Workers Struggles: The Americas

Latin America

Colombian teachers hold one-day strike

Hundreds of thousands of teachers in five Colombian cities stopped work and held marches on July 25 to demand that the government comply with the agreement it signed in June 2017 following a 37-day strike. In Bogotá, Bucaramanga, Cali, Cartagena, and Medellín, members of the Education Workers Federation of Colombia (Fecode), students, parents and supporters marched along the main streets.

This was the third mobilization of teachers in 2018. Among the demands were adequate staffing to prevent overcrowding and overwork, improvements in the healthcare system, infrastructure upgrades, the end to delays in enactment of the Student Nutrition Program, and more funding for students’ education and transportation. Fecode also denounced corruption “that seeks to rob us of the few designated resources” and privatization moves by the government.

Of particular concern among the teachers is death squad violence. A Fecode statement noted the “alarming increase” in threats against and killings of teachers: “They are victims of extortion, persecution for their ideology, coercion for their pedagogical and social labors, and being marked for exercising union activity.” In fact, a teacher was murdered in the department of Caquetá on the day of the protests. The statement called for the designation of schools as “peace territories.”

The National Education Minister, Yaneth Giha Tovar, issued a communiqué claiming that the strike call was unjustified and that the government had complied with 12 of the 24 main demands, contending that “we have always kept the doors of dialogue open.”

Mexican municipal clerical workers strike for overdue pay, end to abuse

Administrative workers for the Mexican municipality of Ahumada, Chihuahua remain on strike to demand that the city pay salaries that have been overdue from one to five fortnights. The workers originally walked out on July 17, as supervisors maintained minimal services. However, on July 24 the workers were joined by management, who locked the doors and, along with the striking clerical workers, stationed themselves outside and explained the situation to citizens.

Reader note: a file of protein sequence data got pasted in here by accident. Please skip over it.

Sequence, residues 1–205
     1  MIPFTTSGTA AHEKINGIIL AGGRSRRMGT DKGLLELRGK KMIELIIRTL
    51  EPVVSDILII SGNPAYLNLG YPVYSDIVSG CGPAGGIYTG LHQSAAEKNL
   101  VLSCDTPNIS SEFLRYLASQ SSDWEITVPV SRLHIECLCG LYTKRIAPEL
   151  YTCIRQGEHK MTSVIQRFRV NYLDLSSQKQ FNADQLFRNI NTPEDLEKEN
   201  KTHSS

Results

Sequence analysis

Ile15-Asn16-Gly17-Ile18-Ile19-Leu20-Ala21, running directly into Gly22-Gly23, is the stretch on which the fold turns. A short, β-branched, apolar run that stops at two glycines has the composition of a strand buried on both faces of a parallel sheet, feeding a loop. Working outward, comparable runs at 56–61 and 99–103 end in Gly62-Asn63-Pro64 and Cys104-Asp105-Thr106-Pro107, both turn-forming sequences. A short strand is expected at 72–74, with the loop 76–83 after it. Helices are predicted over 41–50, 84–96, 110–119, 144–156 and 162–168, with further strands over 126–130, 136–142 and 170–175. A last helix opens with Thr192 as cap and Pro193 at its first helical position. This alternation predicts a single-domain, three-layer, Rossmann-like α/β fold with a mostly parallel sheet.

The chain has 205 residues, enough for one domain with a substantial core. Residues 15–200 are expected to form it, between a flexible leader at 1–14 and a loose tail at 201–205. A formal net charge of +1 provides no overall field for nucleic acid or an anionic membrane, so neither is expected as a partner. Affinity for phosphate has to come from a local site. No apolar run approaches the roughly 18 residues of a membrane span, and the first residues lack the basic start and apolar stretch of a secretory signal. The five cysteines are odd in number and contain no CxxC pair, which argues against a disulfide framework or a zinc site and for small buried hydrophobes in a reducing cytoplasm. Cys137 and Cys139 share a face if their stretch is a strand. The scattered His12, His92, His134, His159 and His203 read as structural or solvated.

The office workers, who are overwhelmingly women, are also demanding to be treated with respect by the mayor, César Alberto Aguirre López, who has repeatedly berated, threatened and ridiculed them, sometimes individually in front of other workers, and sometimes as a group, using highly vulgar language. A recent investigation referred to rampant nepotism and an excess of upper-level personnel in the municipal administration as well.

In a demonstration of disdain for the striking office workers, on July 23 Aguirre López, whose wife also holds a position in the administration, left on a vacation trip to Mazatlán with his family. The city administration, meanwhile, claims that there is not enough money to pay the overdue wages to all of the workers.

The strikers have called for an audit of the municipality’s books and asked that state lawmakers rectify their plight.

Venezuelan electrical workers go on strike over wages, resources

Venezuela’s electrical sector workers showed up at their places but refused to carry out their labors beginning July 23. They are members of the 17,000-member Fetraelec electrical sector workers union, which called an indefinite strike to demand that the state-run Corpoelec electrical agency raise workers’ wages and provide them with the resources to deliver electricity.